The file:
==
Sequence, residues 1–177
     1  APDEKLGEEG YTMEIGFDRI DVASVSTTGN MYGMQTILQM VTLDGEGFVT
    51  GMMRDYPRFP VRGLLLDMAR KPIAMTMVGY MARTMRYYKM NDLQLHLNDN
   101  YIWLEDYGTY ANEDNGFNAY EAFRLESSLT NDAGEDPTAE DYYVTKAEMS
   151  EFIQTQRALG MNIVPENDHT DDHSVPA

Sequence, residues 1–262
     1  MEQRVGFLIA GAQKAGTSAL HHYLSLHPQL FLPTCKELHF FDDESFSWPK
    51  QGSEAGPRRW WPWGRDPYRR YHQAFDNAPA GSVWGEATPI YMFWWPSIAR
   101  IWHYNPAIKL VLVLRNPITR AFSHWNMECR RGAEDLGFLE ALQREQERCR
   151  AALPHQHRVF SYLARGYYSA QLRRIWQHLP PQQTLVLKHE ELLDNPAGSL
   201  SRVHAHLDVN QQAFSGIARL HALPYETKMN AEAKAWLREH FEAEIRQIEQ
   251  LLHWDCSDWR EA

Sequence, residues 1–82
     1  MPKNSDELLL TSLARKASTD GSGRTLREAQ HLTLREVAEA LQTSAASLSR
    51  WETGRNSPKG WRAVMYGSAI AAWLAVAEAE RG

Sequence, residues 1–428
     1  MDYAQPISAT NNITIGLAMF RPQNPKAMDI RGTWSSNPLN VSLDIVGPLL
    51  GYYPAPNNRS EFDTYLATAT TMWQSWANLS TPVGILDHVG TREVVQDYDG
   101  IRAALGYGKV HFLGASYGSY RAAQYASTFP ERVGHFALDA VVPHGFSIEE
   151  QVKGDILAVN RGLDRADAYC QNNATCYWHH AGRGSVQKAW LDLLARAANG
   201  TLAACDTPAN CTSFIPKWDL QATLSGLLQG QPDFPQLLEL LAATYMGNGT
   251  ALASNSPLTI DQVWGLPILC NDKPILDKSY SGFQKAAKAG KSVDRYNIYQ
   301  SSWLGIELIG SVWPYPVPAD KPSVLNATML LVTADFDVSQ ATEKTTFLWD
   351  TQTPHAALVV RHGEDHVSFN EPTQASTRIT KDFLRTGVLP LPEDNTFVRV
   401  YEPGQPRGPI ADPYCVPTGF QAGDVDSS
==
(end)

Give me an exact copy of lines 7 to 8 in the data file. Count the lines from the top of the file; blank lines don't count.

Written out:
     1  MEQRVGFLIA GAQKAGTSAL HHYLSLHPQL FLPTCKELHF FDDESFSWPK
    51  QGSEAGPRRW WPWGRDPYRR YHQAFDNAPA GSVWGEATPI YMFWWPSIAR